\(\hphantom{0000}\) 
\(\hphantom{0000}\) 
\(2\pi\) 
\(\hphantom{0000}\) 
\(\hphantom{0000}\) 

Sketch the graph.
Solve \(6\sin\left(x\dfrac{2\pi}{3}\right)=1\text{,}\) for \(0 \le x \le 2\pi\)
Solve \(6\sin\left(x\dfrac{2\pi}{3}\right)=0\text{,}\) for \(0 \le x \le 2\pi\)
7.
The figure shows the graph of \(y = f(x)\text{.}\)
Find a formula for \(f(x)\) as a shift of the sine function.
Find a formula for \(f(x)\) as a shift of the cosine function.
8.
The figure shows the graph of \(y = f(x)\text{.}\)
Find a formula for \(f(x)\) as a shift of the sine function.
Find a formula for \(f(x)\) as a shift of the cosine function.
9.
The figure shows the graph of \(y = f(x)\text{.}\)
Find a formula for \(f(x)\) as a shift of the tangent function.
Find another formula for \(f(x)\) as a different shift of the tangent function.
10.
The figure shows the graph of \(y = f(x)\text{.}\)
Find a formula for \(f(x)\) as a shift of the tangent function.
Find another formula for \(f(x)\) as a different shift of the tangent function.
11.
\(y = \cos\left(2x\dfrac{\pi}{3}\right)\)
What are the period and the horizontal shift? (Hint: Factor out 2 from \(2x\dfrac{\pi}{3}\text{.}\))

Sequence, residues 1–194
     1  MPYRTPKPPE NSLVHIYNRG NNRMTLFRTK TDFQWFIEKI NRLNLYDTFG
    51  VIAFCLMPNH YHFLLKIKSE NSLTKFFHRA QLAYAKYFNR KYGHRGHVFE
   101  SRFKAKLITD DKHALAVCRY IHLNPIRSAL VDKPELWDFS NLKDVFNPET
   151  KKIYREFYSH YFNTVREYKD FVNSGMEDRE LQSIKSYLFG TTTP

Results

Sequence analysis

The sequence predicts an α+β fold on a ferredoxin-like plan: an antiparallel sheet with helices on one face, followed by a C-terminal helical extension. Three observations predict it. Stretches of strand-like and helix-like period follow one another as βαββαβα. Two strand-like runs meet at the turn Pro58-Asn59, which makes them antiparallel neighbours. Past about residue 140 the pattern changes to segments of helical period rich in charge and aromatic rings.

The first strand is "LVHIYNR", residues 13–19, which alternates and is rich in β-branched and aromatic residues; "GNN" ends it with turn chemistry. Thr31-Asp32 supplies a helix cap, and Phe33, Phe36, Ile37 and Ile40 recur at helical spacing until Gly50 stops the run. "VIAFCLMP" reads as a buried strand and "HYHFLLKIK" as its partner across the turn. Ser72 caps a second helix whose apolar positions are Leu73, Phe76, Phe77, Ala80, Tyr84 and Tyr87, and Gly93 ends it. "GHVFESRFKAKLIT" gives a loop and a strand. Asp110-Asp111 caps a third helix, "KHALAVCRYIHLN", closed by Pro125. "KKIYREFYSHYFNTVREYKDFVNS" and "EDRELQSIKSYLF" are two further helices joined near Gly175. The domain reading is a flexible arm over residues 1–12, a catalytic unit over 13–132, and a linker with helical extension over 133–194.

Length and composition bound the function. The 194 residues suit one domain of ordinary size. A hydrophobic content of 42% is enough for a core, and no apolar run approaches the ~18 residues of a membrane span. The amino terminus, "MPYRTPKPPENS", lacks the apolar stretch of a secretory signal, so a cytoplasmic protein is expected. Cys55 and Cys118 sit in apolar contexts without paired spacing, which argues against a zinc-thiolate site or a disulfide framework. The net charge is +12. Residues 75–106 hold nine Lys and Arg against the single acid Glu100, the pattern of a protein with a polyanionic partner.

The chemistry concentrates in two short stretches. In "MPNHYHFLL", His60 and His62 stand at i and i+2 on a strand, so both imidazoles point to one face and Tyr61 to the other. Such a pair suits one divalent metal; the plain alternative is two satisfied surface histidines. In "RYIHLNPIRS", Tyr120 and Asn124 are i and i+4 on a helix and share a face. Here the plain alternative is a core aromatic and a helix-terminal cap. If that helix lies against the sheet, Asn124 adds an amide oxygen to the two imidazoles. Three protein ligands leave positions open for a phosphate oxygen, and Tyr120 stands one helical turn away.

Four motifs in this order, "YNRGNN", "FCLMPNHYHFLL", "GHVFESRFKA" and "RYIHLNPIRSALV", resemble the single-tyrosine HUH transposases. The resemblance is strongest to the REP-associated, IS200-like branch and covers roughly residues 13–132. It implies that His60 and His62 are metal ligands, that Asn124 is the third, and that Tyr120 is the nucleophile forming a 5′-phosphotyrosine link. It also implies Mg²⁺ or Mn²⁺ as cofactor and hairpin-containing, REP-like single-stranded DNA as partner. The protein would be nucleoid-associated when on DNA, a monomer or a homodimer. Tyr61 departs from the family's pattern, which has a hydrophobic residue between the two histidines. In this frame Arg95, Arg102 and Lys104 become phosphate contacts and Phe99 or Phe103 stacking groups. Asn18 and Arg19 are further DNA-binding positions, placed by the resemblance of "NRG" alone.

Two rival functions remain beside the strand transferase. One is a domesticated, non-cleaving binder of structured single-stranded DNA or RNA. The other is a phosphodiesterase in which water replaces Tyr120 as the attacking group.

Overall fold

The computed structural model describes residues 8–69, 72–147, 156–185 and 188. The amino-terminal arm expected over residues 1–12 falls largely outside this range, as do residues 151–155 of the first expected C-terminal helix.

Fill in the table of values.
\(x\) 
\(2x\) 
\(2x\dfrac{\pi}{3} \) 
\(\cos\left(2x\dfrac{\pi}{3}\right)\) 
\(\hphantom{0000}\) 
\(\hphantom{0000}\) 
\(0\) 
\(\hphantom{0000}\) 
\(\hphantom{0000}\) 
\(\hphantom{0000}\) 
\(\dfrac{\pi}{2}\) 
\(\hphantom{0000}\) 
\(\hphantom{0000}\) 
\(\hphantom{0000}\) 
\(\pi\) 
\(\hphantom{0000}\) 
\(\hphantom{0000}\) 
\(\hphantom{0000}\) 
\(\dfrac{3\pi}{2}\) 
\(\hphantom{0000}\) 
\(\hphantom{0000}\) 
\(\hphantom{0000}\) 
\(2\pi\) 
\(\hphantom{0000}\) 

Sketch the graph.
Solve \(\cos\left(2x\dfrac{\pi}{3}\right)=1\text{,}\) for \(0 \le x \le 2\pi\)
Solve \(\cos\left(2x\dfrac{\pi}{3}\right)=0\text{,}\) for \(0 \le x \le 2\pi\)
12.
\(y = \sin\left(3x+\dfrac{\pi}{2}\right)\)
What are the period and the horizontal shift? (Hint: Factor out 3 from \(3x+\dfrac{\pi}{2}\text{.}\))

Fill in the table of values.
\(x\) 
\(3x\) 
\(3x+\dfrac{\pi}{2} \) 
\(\sin\left(3x+\dfrac{\pi}{2}\right)\) 
\(\hphantom{0000}\) 
\(\hphantom{0000}\) 
\(0\) 
\(\hphantom{0000}\) 
\(\hphantom{0000}\) 
\(\hphantom{0000}\) 
\(\dfrac{\pi}{2}\) 
\(\hphantom{0000}\) 
\(\hphantom{0000}\) 
\(\hphantom{0000}\) 
\(\pi\) 
\(\hphantom{0000}\) 
\(\hphantom{0000}\) 
\(\hphantom{0000}\) 
\(\dfrac{3\pi}{2}\) 
\(\hphantom{0000}\) 
\(\hphantom{0000}\) 
\(\hphantom{0000}\) 
\(2\pi\) 
\(\hphantom{0000}\) 

Sketch the graph.
Solve \(\sin\left(3x+\dfrac{\pi}{2}\right)=1\text{,}\) for \(0 \le x \le 2\pi\)
Solve \(\sin\left(3x+\dfrac{\pi}{2}\right)=0\text{,}\) for \(0 \le x \le 2\pi\)
13.